As the world grapples with the threat of catastrophic climate change, many turn to renewables like wind and solar. However, their low energy density and intermittent supply prevent them from serving as baseload power for modern societies. Intermittency necessitates backup, which typically comes from fossil fuels or nuclear energy. Although energy storage solutions are improving, they remain inefficient and costly, unable to fully address the variability of wind and solar power. After all, we can’t simply ask industries or individuals to go without energy during intermittent periods.

Nuclear energy offers a promising solution, yet inexplicably, some of the loudest voices advocating for fossil fuel elimination also push for nuclear shutdowns. Fortunately, recent developments have shifted this narrative. Factors like war, severe winters, and consumer pressure due to high energy costs have forced green groups to reconsider nuclear energy.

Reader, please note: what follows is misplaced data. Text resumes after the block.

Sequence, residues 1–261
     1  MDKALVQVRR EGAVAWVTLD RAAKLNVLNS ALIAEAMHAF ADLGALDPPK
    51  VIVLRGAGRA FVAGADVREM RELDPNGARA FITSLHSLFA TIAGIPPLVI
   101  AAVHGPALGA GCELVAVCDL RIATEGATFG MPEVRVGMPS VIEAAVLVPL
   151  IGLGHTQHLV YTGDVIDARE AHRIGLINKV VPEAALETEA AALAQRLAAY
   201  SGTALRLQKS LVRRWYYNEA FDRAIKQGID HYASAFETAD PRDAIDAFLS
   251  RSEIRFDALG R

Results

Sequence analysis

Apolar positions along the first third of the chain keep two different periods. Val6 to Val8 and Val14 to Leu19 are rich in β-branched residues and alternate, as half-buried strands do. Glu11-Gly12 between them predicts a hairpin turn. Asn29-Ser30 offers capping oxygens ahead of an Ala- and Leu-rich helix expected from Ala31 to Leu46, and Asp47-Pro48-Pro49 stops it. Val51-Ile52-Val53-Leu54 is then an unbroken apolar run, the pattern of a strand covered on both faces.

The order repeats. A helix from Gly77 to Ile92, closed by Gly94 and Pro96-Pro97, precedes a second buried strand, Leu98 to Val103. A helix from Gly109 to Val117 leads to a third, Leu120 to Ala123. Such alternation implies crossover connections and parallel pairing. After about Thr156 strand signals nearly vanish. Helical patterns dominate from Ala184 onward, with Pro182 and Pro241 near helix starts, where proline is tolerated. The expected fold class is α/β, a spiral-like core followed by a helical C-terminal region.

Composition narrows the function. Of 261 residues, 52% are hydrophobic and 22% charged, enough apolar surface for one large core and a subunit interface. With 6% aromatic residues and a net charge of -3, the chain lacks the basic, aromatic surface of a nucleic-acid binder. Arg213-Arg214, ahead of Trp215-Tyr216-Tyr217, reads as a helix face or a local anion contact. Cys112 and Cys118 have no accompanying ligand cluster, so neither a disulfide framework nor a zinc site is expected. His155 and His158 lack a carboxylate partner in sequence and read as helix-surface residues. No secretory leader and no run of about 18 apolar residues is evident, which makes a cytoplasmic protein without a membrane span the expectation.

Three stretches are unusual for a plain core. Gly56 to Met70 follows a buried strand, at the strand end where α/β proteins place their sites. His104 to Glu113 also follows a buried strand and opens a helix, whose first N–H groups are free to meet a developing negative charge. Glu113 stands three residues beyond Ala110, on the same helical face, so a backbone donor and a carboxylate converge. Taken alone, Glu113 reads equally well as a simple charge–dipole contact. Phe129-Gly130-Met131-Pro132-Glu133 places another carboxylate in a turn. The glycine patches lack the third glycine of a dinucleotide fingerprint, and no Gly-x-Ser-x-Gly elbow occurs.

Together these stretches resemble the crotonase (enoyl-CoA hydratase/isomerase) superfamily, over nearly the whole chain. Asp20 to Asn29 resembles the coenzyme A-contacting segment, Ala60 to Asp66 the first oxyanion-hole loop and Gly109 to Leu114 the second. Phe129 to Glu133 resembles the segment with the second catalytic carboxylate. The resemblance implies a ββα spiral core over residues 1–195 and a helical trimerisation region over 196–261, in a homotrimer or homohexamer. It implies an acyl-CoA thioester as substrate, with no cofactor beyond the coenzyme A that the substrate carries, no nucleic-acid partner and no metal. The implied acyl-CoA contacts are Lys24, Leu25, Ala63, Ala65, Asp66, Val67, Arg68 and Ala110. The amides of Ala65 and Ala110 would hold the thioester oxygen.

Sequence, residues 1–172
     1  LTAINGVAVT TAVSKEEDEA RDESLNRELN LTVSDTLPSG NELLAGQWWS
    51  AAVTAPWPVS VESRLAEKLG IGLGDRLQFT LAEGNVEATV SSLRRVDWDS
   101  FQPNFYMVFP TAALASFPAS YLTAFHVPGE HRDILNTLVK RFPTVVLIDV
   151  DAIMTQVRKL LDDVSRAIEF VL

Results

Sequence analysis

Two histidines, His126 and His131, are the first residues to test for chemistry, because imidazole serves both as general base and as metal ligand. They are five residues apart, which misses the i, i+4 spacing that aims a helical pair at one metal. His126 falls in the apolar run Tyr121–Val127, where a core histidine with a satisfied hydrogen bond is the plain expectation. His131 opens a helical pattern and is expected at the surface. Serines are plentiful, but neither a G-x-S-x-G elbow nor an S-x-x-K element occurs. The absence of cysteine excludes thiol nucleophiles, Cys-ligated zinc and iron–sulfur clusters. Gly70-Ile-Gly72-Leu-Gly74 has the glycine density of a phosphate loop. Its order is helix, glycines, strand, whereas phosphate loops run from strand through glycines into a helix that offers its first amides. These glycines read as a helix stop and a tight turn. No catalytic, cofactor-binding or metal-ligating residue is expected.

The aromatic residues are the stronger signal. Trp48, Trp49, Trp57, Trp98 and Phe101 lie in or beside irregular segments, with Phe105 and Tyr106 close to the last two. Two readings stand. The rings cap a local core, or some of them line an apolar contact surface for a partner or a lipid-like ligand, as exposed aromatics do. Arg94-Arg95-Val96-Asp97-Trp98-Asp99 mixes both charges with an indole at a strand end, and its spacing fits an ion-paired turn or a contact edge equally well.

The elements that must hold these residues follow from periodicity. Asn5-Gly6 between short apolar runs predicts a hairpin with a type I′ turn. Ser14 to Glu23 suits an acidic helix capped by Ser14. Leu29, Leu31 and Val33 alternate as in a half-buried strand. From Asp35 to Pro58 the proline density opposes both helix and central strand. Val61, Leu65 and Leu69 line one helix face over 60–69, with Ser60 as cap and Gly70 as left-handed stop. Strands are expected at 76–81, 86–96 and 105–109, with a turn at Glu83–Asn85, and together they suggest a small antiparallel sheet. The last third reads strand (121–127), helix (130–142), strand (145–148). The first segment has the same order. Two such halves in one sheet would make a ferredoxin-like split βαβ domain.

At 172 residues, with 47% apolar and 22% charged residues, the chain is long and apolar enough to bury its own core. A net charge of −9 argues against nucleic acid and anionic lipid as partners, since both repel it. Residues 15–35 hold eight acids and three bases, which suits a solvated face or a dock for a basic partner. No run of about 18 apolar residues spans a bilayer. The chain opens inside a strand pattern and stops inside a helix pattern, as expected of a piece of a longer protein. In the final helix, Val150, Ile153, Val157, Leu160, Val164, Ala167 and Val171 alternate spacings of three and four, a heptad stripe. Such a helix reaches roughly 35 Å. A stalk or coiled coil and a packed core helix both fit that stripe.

Enter Small Modular Reactors (SMRs). These innovative designs promise reduced construction costs and implementation times, making nuclear energy more accessible worldwide.

But that’s not all. Micro nuclear reactors take miniaturization to the next level, offering power capacities of 1 to 5 MW—small enough to fit into shipping containers. Imagine the transformative impact on global energy distribution, making affordable energy widely available.

For a deeper dive, check out the video below, which provides essential background information

Thursday 30 May 2024

Minor surcharge, major irritation!

Like many of you, I sometimes find myself disproportionately annoyed by the little things. They might seem small in the grand scheme of life, the universe, and everything, but they’re more than just a minor nuisance in our daily lives. You might chuckle at the buildup, but bear with me.

I’m referring to the seemingly trivial surcharges and charity requests that have become far too common in our financial transactions. Take the credit card surcharge, for example. It might appear fair for a business to recoup an additional expense. However, businesses already set their prices to cover such costs, so why isn’t the credit card fee included in the product price? We don’t see separate charges for employee overtime or weekend rates, nor for maternity leave or late tax filings. Businesses typically calculate their product prices by tallying up their costs and adding a profit margin. So, why tack on a surcharge?